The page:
I have a new article at National Review Online showing why Paul Krugman is wrong to blame the Republicans for the state of the economy:
No doubt it would be impressive if the president managed to convince the electorate that three years’ worth of anemic job creation is all the GOP’s fault. And certainly one can’t blame Krugman for making the suggestion (desperate political times call for desperate political evasions). But the odds of this working for President Obama are near zero.
For starters, there’s the problem of who has actually been in charge of economic policy since 2009. The president came into office with commanding Democratic majorities in the House and Senate. He could have done anything he wanted during those years, without even consulting with Republicans. And, in fact, he did do pretty much anything he wanted in those years, in spite of GOP objections. Which is why, as Douglas Holtz-Eakin has already noted, we got the $800 billion stimulus spending plan, very substantial spending increases in the 2009 and 2010 appropriations processes, Dodd-Frank, the auto bailout, a state- and local-government bailout bill, Cash for Clunkers, and much else — not to mention the huge tax hikes, including tax hikes on labor, contained in Obamacare. This was the president’s activist economic agenda, and it’s all been implemented or is in the process of being implemented. The fact that it hasn’t worked to spur a robust economic recovery is no one’s fault but the president’s.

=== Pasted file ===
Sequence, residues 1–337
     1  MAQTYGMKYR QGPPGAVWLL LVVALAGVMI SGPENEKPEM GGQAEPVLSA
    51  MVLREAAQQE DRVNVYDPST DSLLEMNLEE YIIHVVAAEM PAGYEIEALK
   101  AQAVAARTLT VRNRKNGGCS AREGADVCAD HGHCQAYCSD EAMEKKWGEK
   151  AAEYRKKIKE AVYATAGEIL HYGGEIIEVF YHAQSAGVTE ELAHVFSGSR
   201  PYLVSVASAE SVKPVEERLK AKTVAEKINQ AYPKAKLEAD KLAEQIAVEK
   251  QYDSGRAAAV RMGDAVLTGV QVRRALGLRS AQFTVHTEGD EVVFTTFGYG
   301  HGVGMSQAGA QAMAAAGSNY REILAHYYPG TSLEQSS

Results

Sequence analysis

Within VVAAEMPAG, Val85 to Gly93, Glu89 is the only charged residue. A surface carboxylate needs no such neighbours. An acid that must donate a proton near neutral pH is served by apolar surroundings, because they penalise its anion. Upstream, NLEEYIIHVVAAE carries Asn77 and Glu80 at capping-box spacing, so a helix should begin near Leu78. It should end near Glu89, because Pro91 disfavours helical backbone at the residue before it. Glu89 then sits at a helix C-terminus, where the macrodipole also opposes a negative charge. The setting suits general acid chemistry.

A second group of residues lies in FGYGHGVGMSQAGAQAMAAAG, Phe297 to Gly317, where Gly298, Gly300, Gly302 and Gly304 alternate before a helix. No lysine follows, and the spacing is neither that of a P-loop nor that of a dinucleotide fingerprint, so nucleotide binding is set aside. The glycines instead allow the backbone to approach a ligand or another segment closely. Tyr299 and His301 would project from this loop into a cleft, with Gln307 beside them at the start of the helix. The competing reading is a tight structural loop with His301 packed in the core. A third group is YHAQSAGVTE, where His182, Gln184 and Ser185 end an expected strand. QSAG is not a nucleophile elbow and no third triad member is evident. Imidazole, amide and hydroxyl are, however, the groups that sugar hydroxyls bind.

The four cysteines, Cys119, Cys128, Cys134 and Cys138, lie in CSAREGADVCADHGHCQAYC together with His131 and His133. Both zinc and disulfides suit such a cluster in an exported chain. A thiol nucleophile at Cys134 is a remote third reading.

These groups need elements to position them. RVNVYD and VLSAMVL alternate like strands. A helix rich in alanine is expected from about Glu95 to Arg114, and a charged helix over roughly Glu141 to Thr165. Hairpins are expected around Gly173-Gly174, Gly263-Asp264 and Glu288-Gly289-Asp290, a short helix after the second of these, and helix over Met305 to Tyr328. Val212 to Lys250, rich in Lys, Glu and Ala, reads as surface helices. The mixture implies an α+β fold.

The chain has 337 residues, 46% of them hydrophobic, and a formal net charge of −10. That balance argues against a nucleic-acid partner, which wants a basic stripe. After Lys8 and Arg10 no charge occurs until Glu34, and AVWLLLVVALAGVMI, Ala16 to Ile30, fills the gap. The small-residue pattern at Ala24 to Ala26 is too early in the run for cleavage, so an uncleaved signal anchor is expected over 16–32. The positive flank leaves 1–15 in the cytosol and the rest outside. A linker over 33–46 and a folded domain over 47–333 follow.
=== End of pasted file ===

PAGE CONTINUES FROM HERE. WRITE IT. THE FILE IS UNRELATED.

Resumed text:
You can read the rest of the article here.
During the yearlong debate over Obamacare, the law’s apologists returned over and over again to the supposed fiscal benefits flowing from its provisions as a top selling point. Pass Obamacare, they said, and we’ll have health insurance for everyone, painless cost-cutting to slow rising premiums, and deficit reduction to boot. Its win, win, win!
No one believed them, of course. The claim of deficit reduction may have provided a fig leaf to allow some wavering congressional Democrats to vote yes, but it didn’t convince a skeptical electorate. Most Americans have too much common sense to buy the argument that what the nation needs to get its fiscal house in order is a new trillion-dollar-plus entitlement program, piled on top of the unaffordable ones already on the books.